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Must be the plastic on Bianchi shells is sturdier than most. I've had the same five #4 Buck rounds in the factory mag, inserted in the gun for about two years and they'll still chamber without fail. I think I'll pick up some more of those. 😉Oh, one in the chamber with the safety on, like most of my guns. 

 

The deadliest gun is an empty one.

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On ‎9‎/‎21‎/‎2018 at 6:04 AM, Heartbreaker said:

Took me 5 minutes with a Dremel to notch the factory safety like a Krebs for BHO. Works great.

I hope to have 5 minutes to work on my own stuff again soon. 

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I keep mine fully loaded, with the safety on. There's no valid reason to leave an empty chamber with good ammo. i.e. Federal or hornady #4 buck.  

That leaves the operation with the most opportunity for error already done. 

The fabled deformed top round is mostly that. You can reproduce it with soft enough ammo with 00 buck or larger in a brand that uses no buffer or shotcup. At that point, I think you are going out of your way to have a bad time. I was able to get some S&B 15 pellet 00b to get some noticeable dents in the hull between the pellets over about a year of chambering it most every day.  I shot all that ammo, and a couple did feed slugishly or need a little help to go fully into battery. They looked pretty rough just from sheer # of times they had been cycled. The main issue though is that those are soft hull with a roll crimp that can get kinda bent. Also the extractor will eventually chew up the brass. With common as dirt federal field load #4 B, #1 B or fancier stuff with flite control or Versatite wads, you just aren't going to have a problem.

See previous posts elsewhere in this forum in which I tried to make a worst case scenario for shell deformation, having a gun stored next to the water heater with a topped of 8 round mag for max spring pressure, which I loaded on a closed bolt almost every weekend for 8 months plus (or whatever period of time my oldest post on the topic says.) After a long time of that, I took it that way to the range, and it ran the whole mag without issue.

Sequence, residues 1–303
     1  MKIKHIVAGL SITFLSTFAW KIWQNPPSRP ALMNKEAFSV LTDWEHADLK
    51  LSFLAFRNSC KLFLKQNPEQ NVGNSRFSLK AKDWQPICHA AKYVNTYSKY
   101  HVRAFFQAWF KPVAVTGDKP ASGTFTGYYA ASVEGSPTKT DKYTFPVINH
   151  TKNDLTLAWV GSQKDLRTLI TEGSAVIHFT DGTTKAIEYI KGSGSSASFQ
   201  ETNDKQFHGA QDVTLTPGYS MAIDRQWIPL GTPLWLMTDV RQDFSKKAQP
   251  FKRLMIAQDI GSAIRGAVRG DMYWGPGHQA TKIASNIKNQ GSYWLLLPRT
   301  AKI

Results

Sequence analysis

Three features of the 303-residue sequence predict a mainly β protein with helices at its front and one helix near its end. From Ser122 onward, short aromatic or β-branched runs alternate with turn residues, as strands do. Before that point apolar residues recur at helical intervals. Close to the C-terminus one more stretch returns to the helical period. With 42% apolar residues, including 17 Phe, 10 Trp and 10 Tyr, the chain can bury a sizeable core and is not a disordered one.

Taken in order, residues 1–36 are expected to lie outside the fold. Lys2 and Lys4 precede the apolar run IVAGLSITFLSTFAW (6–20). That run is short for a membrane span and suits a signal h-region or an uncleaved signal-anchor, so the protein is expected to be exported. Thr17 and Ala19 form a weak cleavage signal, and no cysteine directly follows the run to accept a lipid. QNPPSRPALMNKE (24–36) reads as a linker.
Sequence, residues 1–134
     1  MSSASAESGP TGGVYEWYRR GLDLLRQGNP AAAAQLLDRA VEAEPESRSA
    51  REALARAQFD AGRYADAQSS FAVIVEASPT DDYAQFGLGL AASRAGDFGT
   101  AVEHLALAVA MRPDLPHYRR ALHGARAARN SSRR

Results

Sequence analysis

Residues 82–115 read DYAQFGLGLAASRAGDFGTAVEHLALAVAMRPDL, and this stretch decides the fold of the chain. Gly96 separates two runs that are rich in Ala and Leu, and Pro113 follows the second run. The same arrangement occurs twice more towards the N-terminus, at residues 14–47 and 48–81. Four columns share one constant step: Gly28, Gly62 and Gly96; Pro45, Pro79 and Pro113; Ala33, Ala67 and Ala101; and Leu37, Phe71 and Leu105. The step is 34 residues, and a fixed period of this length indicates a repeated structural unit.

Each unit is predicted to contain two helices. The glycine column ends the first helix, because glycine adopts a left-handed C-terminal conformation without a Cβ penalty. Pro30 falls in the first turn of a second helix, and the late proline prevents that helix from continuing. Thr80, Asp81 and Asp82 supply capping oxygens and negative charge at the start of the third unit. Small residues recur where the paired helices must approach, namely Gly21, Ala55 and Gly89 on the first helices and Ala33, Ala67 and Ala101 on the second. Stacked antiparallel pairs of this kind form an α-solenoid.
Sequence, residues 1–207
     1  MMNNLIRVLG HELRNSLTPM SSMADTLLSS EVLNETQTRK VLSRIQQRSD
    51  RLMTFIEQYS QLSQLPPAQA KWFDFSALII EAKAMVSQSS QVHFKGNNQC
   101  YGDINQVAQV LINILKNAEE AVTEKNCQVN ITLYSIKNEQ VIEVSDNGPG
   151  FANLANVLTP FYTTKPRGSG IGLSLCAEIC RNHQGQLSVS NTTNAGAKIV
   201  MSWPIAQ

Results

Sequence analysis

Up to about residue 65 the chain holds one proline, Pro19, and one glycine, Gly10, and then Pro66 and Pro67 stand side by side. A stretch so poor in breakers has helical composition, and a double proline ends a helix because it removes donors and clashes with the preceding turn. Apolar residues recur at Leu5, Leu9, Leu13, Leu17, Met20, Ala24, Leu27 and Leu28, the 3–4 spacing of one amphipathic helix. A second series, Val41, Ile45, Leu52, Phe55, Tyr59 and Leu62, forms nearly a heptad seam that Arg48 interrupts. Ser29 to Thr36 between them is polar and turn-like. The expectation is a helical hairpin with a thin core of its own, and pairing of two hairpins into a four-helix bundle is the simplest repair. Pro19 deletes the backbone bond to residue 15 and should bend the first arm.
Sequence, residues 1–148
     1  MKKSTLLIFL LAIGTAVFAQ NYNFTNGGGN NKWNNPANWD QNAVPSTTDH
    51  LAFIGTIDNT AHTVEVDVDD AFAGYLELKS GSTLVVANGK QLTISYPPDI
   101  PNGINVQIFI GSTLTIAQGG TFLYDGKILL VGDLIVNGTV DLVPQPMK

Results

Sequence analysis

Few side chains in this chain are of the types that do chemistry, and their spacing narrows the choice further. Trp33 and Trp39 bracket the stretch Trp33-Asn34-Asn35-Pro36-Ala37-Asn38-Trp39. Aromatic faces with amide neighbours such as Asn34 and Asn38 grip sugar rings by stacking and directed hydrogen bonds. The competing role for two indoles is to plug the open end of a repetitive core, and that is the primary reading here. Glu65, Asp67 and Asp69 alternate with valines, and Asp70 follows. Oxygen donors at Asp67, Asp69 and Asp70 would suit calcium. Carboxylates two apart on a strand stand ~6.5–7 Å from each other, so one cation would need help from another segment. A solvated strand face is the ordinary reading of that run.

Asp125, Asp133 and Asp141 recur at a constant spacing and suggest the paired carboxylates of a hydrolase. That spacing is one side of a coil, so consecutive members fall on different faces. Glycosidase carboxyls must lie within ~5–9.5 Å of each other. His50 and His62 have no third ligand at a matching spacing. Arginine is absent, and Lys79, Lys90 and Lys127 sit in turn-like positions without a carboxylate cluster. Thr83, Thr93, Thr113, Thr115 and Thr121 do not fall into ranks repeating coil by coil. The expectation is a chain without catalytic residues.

"Cruiser Ready" is a bad concept. It doesn't apply to this platform, and shouldn't be used in others. It's a dumb idea for your carry pistol to carry on an empty chamber, and the same considerations apply. If you disagree, please send your hatemail on the back of a $50 bill to ....

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post script. There are a lot of right ways to do things, and a much smaller number of wrong ways. You can do your own, even if it isn't what I think is optimal. However, I do strongly suggest that you have a consistent system.

By that I mean, have a constant policy about the condition of your guns. You should never wonder if a particular gun is loaded. My policy is that any gun not in the safe or a case is ready to go, and any gun in a case or safe is empty. You might do the opposite, or only have guns on your person or at your bedside ready.... Whatever your system, stick to it.

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i load 3" in my locked mag. also, just load a slug on top....save yourself the grief/worry......unless you load something really cheap, the gun shouldnt care anyway what you store in it....